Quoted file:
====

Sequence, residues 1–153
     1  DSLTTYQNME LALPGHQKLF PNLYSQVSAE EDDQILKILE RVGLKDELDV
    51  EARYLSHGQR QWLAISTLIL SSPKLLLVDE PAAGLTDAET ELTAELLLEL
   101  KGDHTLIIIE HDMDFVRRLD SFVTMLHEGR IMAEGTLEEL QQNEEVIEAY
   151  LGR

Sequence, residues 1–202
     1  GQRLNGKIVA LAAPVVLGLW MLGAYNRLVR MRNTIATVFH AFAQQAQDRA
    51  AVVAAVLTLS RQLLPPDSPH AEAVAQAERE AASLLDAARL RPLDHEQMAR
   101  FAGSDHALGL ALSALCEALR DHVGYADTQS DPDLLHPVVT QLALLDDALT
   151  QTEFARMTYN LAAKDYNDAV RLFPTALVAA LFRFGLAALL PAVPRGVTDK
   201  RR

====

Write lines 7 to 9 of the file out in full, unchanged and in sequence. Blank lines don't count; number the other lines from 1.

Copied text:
     1  GQRLNGKIVA LAAPVVLGLW MLGAYNRLVR MRNTIATVFH AFAQQAQDRA
    51  AVVAAVLTLS RQLLPPDSPH AEAVAQAERE AASLLDAARL RPLDHEQMAR
   101  FAGSDHALGL ALSALCEALR DHVGYADTQS DPDLLHPVVT QLALLDDALT